Revista de Saúde Pública
On-line version ISSN 1518-8787
SILVA, Wilson Aparecido et al. Prevention of sexually transmitted diseases and AIDS among junior professional players. Rev. Saúde Pública [online]. 2002, vol.36, n.4, suppl., pp. 68-75. ISSN 1518-8787. http://dx.doi.org/10.1590/S0034-89102002000500010.
INTRODUCTION/OBJECTIVE: Aids cases are steadily increasing among young people and there are few studies describing young male vulnerability to HIV. A study was carried out aiming at developing a STD/AIDS prevention program for junior professional soccer players. METHODS: Study participants were twenty-five junior soccer players of a major league professional team of the city of Campinas, Brazil. There were 2 segments. In segment 1, participants were given a self-administered questionnaire covering sociodemographic data, sexual behavior, specific gender-related behaviors, condom use, HIV/AIDS knowledge and prevention, and sports associated exposure risk. In segment 2, 17 sessions of group dynamics were carried out. Many forms of expression (speech, writing, pictures, and videos) were encouraged to grasp participants' thoughts on STD/AIDS-related matters. RESULTS: Participants showed good knowledge on HIV transmission but they were poorly informed on reproduction and STDs. Unwanted pregnancy is their main concern. As for condom use, 73% consistently used condoms with casual partners (73%), and only 27% consistently used them with regular partners. Also, 58% considered risky to have HIV-positive players among them. CONCLUSIONS: Young players do not consider themselves vulnerable despite their chances of HIV infection and unwanted pregnancy. They have poor knowledge about the human body and reproductive health. Soccer milieu as well as other sports milieus create great opportunities for prevention programs, where they may have a multiplier effect since athletes are often regarded as role models for children and youngsters.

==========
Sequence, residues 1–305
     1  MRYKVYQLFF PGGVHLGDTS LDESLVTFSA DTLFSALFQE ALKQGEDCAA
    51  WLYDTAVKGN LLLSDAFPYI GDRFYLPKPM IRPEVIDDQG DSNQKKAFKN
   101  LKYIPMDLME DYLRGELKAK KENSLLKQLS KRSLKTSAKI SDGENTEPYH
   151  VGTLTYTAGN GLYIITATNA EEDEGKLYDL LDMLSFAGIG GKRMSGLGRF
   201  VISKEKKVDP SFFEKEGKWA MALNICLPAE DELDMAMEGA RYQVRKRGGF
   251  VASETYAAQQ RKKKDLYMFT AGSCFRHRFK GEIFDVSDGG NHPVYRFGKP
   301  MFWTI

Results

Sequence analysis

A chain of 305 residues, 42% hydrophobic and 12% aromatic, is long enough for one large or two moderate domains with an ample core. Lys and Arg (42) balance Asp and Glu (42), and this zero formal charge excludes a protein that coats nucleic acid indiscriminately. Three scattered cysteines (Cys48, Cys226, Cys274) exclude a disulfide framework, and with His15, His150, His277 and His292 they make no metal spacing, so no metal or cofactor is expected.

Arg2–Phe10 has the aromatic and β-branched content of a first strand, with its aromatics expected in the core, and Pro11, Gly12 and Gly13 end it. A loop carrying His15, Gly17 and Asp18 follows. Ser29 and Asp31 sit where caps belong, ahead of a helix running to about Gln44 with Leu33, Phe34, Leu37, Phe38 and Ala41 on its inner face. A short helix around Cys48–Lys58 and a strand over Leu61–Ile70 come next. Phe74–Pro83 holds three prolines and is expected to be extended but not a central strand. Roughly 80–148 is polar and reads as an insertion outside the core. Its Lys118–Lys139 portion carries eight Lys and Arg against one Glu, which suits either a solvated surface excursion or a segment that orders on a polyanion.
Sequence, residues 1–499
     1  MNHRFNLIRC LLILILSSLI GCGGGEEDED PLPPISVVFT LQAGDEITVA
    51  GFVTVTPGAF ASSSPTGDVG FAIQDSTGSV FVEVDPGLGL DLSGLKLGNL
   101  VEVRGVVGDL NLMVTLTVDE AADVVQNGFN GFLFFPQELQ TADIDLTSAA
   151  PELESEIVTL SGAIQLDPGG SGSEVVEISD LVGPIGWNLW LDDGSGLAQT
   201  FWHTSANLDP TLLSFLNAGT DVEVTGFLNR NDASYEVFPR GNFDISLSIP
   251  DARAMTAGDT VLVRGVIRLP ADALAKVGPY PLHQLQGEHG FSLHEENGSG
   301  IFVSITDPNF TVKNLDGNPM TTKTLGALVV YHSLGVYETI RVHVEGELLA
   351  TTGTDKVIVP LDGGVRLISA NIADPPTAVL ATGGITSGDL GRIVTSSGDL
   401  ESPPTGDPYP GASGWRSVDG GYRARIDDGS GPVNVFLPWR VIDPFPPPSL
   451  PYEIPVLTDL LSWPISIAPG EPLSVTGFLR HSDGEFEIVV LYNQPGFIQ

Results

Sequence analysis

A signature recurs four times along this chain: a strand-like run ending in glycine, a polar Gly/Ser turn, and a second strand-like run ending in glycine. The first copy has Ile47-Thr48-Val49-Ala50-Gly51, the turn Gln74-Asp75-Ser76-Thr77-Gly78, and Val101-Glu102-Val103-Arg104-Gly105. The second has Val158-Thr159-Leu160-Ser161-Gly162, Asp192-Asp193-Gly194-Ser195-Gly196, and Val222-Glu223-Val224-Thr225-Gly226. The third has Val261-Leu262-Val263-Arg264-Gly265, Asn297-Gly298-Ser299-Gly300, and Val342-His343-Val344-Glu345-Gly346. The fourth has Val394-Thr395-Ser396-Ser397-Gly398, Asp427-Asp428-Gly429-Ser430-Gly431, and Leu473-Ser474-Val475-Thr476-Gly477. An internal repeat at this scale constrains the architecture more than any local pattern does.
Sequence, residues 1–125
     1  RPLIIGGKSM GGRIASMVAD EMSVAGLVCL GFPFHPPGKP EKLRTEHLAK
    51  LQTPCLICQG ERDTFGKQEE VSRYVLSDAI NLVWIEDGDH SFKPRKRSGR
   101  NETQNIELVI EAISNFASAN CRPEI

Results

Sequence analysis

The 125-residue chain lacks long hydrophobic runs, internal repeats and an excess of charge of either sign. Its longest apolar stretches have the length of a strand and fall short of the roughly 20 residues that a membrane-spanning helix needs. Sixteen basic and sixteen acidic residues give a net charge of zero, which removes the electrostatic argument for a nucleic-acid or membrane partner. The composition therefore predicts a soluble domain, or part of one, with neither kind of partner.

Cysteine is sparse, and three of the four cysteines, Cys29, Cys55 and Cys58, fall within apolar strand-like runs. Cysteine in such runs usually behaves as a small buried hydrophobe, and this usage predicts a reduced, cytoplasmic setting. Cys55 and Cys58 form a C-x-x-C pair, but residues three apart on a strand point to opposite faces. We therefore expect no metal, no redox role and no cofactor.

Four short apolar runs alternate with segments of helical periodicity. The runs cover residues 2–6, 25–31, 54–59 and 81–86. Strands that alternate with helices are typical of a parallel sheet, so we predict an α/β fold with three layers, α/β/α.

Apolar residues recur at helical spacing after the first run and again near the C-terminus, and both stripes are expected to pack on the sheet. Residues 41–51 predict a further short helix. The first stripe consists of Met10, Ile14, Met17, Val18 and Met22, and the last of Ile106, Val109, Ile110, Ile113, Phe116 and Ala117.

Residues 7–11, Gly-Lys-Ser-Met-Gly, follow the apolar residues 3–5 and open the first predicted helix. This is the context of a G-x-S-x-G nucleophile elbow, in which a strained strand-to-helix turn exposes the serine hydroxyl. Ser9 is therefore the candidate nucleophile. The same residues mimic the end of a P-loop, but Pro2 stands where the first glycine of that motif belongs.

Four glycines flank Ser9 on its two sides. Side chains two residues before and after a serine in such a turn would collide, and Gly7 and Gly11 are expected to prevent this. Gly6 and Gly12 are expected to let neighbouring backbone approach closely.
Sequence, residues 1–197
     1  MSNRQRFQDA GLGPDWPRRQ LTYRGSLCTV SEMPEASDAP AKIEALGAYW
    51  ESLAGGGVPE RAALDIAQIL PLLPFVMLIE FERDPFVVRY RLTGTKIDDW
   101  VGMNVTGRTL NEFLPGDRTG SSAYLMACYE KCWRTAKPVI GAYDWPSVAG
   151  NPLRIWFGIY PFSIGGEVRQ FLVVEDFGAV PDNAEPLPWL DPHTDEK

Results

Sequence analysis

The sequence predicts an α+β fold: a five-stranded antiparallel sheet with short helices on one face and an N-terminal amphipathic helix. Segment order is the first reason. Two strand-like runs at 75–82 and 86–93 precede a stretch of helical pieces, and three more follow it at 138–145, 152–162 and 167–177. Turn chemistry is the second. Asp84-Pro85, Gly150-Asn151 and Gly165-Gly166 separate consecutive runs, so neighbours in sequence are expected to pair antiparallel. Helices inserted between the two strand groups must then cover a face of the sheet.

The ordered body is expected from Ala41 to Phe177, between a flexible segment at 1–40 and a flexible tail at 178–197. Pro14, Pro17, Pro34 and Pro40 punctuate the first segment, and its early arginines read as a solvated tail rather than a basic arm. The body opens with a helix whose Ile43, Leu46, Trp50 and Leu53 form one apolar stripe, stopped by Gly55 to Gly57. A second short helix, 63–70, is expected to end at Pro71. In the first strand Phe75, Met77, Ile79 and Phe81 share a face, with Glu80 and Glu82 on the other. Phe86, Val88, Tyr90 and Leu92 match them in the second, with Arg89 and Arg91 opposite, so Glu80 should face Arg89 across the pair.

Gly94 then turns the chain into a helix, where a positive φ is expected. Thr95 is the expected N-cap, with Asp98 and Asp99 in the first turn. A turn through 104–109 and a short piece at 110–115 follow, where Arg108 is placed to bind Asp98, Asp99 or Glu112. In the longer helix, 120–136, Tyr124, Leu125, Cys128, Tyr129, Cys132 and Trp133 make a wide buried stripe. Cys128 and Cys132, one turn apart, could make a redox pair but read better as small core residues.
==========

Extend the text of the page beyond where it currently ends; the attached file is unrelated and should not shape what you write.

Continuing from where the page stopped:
Keywords : Acquired immunodeficiency syndrome [prevention & control]; HIV; Sexually transmitted diseases [prevention & control]; Knowledge, attitudes, practice; Soccer; Vulnerability; Reproductive medicine.